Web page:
Food wastage is grave problem often encountered in developed nations. On one extreme where we have those who can’t access even one meal a day, there are those who waste more than half of what’s produced. Germany is currently facing a similar issue where approximately 12 million tons of food is wasted every year. Domestic households contribute to the 52% of the waste generated. And around 30% of the waste is generated in the food production and processing stage itself.
In order to combat this problem, the Fraunhofer Institute for Casting, Composite and Processing Technology IGCV is working along with its partners on a project named Resource – efficient Intelligent Foodchain (REIF). And artificial intelligence (AI) has proved to be a valuable asset in this project.
This system will focus on cheese, bread, meat and other foods which are easily perishable and more wasted. It will help in the efficient production of these items by employing data based algorithms. These machine learning methods are built to optimize sales and assist in production planning, and will also optimize process and plant control system.
The Resource – efficient Intelligent Foodchain (REIF), for the coming three years will strive to come up with approaches in order to reduce food waste. This will be done with the assistance provided by Artificial Intelligence (AI). This research will be focusing on production and consumption of food and come up with plans to optimize these processes.
The researchers are aiming at making production lines more efficient and will be developing better forecast models in order to understand the demands in consumption. This is done to create a better connection between consumption and production of food items. Germany has allied itself to the United Nation’s goal and is utilizing all possible means in order to reduce its food waste by half by 2030.
Patrick Zimmerman, a scientist at Fraunhofer IGCV said, “Two aspects are key to significantly reducing food losses in these sectors – minimizing overproduction and avoiding waste. We apply AI to the entire value chain, especially in the production facilities. To do that, we adapt and select the algorithms that are suitable for the respective application. We look at the predictability and controllability in all areas – from production on the farm to sale in the supermarket – to optimize their potential.”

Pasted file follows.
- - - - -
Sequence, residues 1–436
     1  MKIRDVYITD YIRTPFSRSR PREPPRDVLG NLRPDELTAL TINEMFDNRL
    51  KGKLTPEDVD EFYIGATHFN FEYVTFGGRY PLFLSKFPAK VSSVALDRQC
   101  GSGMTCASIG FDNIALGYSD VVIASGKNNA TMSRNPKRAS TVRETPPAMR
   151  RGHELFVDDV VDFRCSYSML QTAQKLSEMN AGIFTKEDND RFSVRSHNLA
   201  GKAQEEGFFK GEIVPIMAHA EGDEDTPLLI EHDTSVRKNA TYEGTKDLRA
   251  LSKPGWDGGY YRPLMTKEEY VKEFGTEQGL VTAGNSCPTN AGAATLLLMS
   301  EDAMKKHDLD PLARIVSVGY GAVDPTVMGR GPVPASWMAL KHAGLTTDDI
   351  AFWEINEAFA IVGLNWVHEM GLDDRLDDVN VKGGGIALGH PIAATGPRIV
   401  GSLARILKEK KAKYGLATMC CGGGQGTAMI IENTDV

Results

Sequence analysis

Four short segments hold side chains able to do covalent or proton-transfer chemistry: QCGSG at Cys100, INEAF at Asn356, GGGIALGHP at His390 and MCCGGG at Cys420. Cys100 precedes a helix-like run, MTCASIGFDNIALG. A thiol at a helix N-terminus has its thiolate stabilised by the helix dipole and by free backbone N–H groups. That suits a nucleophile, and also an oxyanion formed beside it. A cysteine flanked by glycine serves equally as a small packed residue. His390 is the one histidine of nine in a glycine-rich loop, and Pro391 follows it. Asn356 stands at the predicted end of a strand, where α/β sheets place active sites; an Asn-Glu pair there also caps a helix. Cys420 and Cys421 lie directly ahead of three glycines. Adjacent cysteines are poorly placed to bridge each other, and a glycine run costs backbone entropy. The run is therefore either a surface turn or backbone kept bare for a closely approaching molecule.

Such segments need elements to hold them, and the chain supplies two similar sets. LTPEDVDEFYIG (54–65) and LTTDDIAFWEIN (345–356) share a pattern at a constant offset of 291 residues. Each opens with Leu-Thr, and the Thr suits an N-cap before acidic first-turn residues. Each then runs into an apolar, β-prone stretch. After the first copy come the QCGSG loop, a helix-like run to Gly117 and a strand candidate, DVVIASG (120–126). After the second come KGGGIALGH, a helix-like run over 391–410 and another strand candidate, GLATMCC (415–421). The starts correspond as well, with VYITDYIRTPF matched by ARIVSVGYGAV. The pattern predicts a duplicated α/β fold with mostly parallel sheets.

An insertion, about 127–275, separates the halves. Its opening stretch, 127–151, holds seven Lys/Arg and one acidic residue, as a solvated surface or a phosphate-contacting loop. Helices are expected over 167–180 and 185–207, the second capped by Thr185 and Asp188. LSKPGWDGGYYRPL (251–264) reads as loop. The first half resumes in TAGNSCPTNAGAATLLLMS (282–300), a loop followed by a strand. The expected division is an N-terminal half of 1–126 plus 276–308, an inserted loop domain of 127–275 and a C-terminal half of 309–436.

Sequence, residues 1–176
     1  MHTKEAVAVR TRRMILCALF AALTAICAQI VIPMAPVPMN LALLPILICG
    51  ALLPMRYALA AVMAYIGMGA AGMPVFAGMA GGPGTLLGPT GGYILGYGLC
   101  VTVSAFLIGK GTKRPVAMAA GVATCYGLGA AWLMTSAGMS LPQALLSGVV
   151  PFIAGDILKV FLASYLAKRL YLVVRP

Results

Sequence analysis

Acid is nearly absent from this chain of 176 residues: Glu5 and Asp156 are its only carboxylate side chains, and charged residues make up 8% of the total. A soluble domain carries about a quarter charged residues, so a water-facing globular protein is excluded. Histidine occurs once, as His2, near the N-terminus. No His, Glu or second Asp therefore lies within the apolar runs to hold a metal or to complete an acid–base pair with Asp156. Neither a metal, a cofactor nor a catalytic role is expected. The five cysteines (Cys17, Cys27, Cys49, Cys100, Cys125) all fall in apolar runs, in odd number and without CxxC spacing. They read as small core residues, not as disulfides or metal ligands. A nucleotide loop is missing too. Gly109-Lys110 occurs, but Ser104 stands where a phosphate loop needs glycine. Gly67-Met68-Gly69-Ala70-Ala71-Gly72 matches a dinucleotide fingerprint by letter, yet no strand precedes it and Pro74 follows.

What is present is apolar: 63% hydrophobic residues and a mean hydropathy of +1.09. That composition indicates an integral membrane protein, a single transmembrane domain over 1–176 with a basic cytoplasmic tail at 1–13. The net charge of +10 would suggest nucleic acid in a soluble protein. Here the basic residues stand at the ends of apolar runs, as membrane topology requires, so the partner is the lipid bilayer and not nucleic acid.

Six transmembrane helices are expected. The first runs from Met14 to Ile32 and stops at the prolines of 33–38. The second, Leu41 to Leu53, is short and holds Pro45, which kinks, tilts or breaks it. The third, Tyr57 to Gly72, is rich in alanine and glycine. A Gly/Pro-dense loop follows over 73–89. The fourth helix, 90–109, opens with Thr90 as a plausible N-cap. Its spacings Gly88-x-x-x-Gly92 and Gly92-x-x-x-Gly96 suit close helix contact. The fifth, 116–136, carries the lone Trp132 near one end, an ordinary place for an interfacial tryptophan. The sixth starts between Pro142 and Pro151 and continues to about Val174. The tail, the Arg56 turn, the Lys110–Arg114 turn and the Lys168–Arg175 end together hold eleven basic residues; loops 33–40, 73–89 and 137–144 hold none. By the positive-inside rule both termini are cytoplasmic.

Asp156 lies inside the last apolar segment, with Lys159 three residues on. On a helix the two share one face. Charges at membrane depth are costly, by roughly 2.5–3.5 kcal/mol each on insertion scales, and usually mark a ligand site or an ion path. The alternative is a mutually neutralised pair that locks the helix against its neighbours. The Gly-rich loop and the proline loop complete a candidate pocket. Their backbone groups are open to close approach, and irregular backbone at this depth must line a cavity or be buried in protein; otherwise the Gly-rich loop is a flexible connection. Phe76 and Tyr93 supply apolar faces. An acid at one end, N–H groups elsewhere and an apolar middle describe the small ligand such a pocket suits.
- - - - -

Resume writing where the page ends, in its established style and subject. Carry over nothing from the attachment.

His colleague, Philipp Theumer further explains that common problems such as overproduction and waste can possibly be avoided. Employing concepts such as targeted forecasts on food requirements and by reducing quality related food loss.
The role of AI in this process is explained by Patrick Zimmerman. Taking example of meat mixer, the expiry date of the meat products is influenced by the temperature and duration of the mixing process. In this case, AI can be employed to control the amount of energy in the mixing process. This will help to extend the expiry date of the meat products and keeping it fresh. This will lead to a longer selling time of such products and in turn will reduce the wastage of food.
The Resource – efficient Intelligent Foodchain (REIF) program currently consists of 18 partners. This project will be coordinated by the University of Applied Sciences Augsberg. This project is funded by the Federal Ministry of Economics and Energy with an amount of 10 million euros.